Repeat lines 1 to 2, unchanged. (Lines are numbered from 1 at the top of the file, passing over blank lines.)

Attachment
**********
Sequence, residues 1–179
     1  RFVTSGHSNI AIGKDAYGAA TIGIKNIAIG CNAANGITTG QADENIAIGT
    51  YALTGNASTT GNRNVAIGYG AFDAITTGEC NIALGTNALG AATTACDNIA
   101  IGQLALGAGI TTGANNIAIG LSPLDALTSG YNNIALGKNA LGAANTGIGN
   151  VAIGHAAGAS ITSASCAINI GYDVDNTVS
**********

Sequence, residues 1–179
     1  RFVTSGHSNI AIGKDAYGAA TIGIKNIAIG CNAANGITTG QADENIAIGT